From an introduction to modeling for medical diagnosis. I am feeling sick. Fever. Cough. Stuffy nose. And it’s wintertime. Do I have the flu? Likely. Plus I have muscle pain. More likely.
I am feeling sick. Fever. Cough. Stuffy nose. And it’s wintertime. Do I have the flu? Likely. Plus I have muscle pain. More likely.
Bayesian networks are great for these types of inferences. We have variables, some whose values have been fixed. We are interested in the probabilities of some free variables given these fixed values.
In our example, we want the probability that we have the flu, given some symptoms we have observed, and the season we are in.
So far it looks like reasoning with conditional probabilities. Is there more to it? Yes. A lot more. Let’s scale up this example and it will come out.
Towards A Large-scale Bayes Network
Imagine that our network models every possible symptom, every possible disease, outcomes of every possible medical test, and every possible external factor that might potentially affect the probability of some disease. External factors break down into behavioral ones (smoking, being a couch potato, eating too much), physiological ones ( weight, gender, age), and others. For good measure, let’s also throw in treatments. And side-effects.
By now there is enough and useful medical knowledge to capture tens of thousands of variables (at the very least) and their interactions. For any set of symptoms, together with the values of some of the behavioral, physiological, and other external factors, we could estimate the probabilities of various diseases. And more. For a given disease, we could ask it to give us the most likely symptoms. And way more. Such as I have a cough and high fever but the flu has been diagnosed out, what other diseases are likely? For a given diagnosis, and our particular symptoms, and possibly additional factors such as our gender and age, we could ask it to recommend treatments.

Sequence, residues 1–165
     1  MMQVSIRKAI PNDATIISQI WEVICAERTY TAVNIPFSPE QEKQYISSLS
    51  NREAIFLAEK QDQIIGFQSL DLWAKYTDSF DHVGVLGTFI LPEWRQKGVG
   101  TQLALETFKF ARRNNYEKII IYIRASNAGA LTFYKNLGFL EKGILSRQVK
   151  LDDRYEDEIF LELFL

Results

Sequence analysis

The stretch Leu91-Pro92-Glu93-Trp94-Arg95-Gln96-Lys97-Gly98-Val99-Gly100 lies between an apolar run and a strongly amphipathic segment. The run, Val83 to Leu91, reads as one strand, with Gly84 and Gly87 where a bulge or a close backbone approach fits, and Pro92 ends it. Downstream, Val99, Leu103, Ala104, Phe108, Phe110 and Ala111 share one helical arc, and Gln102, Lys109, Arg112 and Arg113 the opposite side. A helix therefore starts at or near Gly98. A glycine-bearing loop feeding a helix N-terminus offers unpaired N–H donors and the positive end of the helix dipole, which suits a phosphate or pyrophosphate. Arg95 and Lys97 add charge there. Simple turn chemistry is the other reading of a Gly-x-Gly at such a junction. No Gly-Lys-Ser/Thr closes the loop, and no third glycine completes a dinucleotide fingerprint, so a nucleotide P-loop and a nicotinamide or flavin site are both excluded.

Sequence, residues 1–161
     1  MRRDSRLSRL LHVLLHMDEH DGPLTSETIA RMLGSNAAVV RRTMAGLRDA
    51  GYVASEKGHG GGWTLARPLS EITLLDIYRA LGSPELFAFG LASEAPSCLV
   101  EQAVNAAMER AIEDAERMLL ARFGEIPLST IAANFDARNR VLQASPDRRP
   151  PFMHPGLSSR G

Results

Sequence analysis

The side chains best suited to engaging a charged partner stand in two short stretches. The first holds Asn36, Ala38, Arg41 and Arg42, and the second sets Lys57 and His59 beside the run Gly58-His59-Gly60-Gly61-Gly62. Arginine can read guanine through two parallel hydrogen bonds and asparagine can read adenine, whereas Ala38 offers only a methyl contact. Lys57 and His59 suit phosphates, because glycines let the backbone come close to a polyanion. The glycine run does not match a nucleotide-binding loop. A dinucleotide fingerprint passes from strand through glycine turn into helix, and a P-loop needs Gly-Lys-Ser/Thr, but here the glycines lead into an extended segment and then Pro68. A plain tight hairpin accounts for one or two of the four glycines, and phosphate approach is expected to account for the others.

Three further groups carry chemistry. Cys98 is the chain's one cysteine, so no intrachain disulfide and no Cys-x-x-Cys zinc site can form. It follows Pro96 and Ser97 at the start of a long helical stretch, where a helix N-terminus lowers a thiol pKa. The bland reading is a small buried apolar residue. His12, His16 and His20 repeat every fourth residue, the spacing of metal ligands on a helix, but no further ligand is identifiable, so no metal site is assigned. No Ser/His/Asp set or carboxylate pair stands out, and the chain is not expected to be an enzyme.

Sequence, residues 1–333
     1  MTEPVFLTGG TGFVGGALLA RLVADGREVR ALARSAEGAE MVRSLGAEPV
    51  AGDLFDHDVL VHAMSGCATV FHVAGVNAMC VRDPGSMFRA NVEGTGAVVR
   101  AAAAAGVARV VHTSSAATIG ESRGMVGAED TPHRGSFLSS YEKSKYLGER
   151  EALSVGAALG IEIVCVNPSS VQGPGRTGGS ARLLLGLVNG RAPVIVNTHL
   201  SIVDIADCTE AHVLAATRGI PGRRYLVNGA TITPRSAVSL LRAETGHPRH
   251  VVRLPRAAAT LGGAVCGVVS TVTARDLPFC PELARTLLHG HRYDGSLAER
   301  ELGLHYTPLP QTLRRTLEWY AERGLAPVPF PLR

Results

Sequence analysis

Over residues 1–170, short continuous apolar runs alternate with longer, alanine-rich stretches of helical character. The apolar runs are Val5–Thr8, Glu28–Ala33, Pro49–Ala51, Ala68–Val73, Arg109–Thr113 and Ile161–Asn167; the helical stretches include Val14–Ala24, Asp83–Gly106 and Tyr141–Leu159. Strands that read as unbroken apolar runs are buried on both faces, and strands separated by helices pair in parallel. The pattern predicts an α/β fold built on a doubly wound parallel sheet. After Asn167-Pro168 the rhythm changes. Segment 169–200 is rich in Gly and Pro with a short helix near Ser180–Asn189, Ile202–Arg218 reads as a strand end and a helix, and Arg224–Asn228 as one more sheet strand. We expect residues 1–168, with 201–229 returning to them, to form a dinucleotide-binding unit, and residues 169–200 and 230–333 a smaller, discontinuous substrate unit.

Now we are getting somewhere. How does all this magic work? This is what we will explore here.
Probabilistic graphical model (PGM) provides a graphical representation to understand the complex relationship between a set of random variables (RVs).
This chapter continues the series on Bayesian deep learning. In the chapter we’ll explore alternative solutions to conventional dense neural networks.
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